How Can We Change The Medium? – uxdesign.cc

Facebook is for keeping tabs on friends, Instagram for selfies, Snapchat for secret talks, Twitter for news, Google Plus for alone time, and I guess Medium to learn how to live better.

Is it me or somehow the most recommended stories on Medium have either to do with startups, life or productivity? Sometimes, all three topics are squeezed in a single story — How to be super productive in your startup and change your life… or something like that.

People are constantly trying to find a way to hack their lives to greatness. Medium doesn’t help much with the solution, but we surely read an uplifting article and forget the problem (for sometime).

The stories on film, politics and sports somehow get left out. Of course there are people on Medium who write great stories on these topics, but they don’t get a lot of attention compared to the sensational, easy to digest, and hip topics.

Even I wrote stories about startups without knowing a lot. I had just started to build a company and shared my experiences in an all knowing tone and behaved as though I’ve figured it all out.

After that my company bombed and I finally got some perspective — like me, there are countless people who show their (pseudo-)expertise on Medium to build followers (like Twitter) so as to market themselves/their products (again… like Twitter).

Medium is essentially about to become (read has become) a marketing platform. I just hope that day doesn’t come when the difference between Medium and Twitter is just 140 characters.

Should we change it? I think so. Can we change it? I have two small perspectives.

A Platform With Invisible Followers

Followers add a lot of bias. Followers give celebrity status. After that even if one writes shit, people read… and believe. Sure we can follow someone to keep track of his/her writings, but I don’t think that there is any need to show the number of followers in the profile page.

I’d suggest Medium to only display the people we follow thereby letting others know that their articles are worth reading. If we can undo the follower bias, I think everybody becomes a writer and nobody really becomes a celebrity. On top of that, concepts of followers, subscribers , etc., have become cliched now. I think it does more harm than good as it gives more importance to the user than the content. In any content driven site like Twitter or Medium, ideally content should be the king.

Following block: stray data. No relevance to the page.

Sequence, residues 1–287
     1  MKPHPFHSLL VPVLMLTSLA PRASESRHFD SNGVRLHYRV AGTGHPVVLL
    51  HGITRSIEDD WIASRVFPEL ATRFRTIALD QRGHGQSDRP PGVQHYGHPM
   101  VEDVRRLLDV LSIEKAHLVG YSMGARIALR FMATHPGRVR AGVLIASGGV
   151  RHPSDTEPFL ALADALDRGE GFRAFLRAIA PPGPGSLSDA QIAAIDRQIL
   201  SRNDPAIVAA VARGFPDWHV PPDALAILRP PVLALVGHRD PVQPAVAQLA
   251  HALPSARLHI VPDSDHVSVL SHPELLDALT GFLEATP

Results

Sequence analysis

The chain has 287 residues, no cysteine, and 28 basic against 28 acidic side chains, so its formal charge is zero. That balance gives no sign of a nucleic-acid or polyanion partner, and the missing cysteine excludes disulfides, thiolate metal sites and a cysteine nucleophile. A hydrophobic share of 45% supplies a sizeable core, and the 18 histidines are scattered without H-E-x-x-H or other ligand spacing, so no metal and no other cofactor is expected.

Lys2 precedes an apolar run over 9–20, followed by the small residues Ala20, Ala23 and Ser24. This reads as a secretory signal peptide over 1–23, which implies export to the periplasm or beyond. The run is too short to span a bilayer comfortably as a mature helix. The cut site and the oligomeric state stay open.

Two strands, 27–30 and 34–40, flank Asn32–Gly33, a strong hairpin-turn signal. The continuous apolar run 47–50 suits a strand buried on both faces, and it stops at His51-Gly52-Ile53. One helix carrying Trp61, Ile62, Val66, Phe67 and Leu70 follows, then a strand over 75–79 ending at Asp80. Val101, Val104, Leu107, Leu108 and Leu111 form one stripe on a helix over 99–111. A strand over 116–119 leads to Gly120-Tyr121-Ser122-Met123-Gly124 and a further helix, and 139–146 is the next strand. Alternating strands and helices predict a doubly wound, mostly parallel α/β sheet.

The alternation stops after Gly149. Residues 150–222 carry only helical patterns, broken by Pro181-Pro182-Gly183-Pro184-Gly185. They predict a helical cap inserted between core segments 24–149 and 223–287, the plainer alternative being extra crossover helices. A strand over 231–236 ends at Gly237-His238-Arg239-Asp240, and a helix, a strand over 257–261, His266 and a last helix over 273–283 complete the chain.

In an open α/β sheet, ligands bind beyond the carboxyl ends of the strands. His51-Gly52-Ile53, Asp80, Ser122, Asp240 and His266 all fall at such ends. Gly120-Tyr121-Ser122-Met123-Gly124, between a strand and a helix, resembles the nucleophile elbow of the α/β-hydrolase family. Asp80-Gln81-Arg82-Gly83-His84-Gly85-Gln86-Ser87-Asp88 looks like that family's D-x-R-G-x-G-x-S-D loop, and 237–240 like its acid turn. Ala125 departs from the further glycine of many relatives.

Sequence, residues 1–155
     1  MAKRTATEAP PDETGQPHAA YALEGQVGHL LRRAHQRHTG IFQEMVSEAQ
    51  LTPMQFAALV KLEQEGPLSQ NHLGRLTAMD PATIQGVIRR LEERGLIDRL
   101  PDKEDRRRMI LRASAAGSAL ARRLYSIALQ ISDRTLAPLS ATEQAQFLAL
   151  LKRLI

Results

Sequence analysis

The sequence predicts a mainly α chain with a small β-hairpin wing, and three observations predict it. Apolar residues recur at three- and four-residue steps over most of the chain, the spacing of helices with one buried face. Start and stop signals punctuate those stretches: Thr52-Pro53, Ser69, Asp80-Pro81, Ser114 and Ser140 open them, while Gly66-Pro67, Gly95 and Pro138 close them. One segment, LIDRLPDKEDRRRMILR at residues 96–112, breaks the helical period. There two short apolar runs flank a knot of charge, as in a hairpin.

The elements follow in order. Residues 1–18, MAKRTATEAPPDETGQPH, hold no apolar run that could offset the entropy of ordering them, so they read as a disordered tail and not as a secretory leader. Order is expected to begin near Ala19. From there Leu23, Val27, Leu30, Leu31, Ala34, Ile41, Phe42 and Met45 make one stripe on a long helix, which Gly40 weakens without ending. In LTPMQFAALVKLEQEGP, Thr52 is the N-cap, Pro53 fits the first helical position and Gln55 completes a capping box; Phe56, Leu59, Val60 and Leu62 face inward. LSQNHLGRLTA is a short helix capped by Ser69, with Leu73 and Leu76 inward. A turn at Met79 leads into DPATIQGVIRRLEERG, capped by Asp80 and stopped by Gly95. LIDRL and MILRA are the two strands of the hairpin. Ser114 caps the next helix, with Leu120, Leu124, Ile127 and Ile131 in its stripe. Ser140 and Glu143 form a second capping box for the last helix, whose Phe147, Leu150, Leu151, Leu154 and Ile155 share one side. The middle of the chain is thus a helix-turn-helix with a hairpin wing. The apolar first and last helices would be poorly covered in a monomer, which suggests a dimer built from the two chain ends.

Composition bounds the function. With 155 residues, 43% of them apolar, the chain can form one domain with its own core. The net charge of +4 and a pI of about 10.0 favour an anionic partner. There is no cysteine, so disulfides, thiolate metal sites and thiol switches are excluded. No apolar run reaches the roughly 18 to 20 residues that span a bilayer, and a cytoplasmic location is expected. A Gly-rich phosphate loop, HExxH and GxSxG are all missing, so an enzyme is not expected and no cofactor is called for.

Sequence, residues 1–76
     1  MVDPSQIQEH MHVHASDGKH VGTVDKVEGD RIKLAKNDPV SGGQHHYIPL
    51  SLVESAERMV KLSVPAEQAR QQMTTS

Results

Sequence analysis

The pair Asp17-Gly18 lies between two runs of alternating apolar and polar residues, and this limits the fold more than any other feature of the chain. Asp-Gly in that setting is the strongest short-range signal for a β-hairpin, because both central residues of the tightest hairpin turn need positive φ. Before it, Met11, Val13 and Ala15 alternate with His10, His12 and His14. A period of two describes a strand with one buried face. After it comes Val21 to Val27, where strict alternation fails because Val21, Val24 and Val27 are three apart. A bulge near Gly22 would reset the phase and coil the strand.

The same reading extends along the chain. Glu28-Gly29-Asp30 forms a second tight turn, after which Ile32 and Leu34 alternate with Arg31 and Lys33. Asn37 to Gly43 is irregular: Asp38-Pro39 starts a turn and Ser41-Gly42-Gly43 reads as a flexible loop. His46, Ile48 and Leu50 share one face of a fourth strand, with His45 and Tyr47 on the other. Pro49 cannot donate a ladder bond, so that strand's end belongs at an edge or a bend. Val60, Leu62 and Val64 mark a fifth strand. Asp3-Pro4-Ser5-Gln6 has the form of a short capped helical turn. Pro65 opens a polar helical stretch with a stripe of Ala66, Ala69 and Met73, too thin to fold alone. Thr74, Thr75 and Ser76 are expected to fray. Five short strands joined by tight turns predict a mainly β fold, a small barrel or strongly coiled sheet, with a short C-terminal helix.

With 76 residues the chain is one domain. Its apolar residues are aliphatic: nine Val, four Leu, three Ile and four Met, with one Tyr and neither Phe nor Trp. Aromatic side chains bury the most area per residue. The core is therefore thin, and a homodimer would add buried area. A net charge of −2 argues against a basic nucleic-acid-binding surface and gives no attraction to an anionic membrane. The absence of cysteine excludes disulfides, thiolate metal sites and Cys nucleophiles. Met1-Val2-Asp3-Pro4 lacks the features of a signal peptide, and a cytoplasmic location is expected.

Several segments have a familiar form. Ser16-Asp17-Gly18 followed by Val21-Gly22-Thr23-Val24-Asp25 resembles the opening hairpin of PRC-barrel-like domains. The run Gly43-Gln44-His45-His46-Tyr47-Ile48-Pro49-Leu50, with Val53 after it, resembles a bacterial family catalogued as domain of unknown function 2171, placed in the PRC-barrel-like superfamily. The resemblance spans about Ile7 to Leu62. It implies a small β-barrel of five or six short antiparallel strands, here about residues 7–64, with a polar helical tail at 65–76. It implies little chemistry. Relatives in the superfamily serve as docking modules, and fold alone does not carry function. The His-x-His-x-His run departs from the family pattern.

Yes I agree that it’s a good social boost to become a celebrity, but if this motivation discredits the whole platform, then why do we need it? There are good writers, thinkers, designers, journalists, analysts out there who are in for the feedback, responses and discussions. Keeping only the serious writers would make more sense.

Medium had set out to be different. This is one way of making a difference.

Giving More Importance to Reads Than Recommends

Like number of followers, recommendations are a huge bias. Often we might consider the articles with less recommendations to be less popular and prefer to read the ones with more green hearts. The ones with less recommendations often get lost.

Which one from the above search result would you prefer to read?

I am not suggesting that the ones with less recommendations are the good ones and all those with more are not so good. I’m suggesting that recommendations might not be a good way (or the only way) to rank articles. Recommendations seems to encourage writers to focus on writing more sensational pieces just to be heard. It is not in tandem with writing to share ideas and information.

But recommendations do boost a writer’s self esteem and hence give encouragement. We all need validation, especially new writers like me. So we can’t really throw away recommendations altogether.

I think total recommendations in a story should be made invisible. Also, the heart doesn’t appear unless you’ve read the article. The reader might just scroll through the page without reading it, but even this would be better than putting the heart out front and thereby encouraging us to tap it even before reading the first line of an article. Adding some friction to recommending might actually make it better. If the user takes some effort to go and recommend it, the article actually might be worth a read.

I would prefer number of reads over recommendations. When we read an article, we don’t have to voluntarily do anything which is better than voluntarily recommending an article without reading it.

Author: Abhishek Chakraborty

Collect by: uxfree.com

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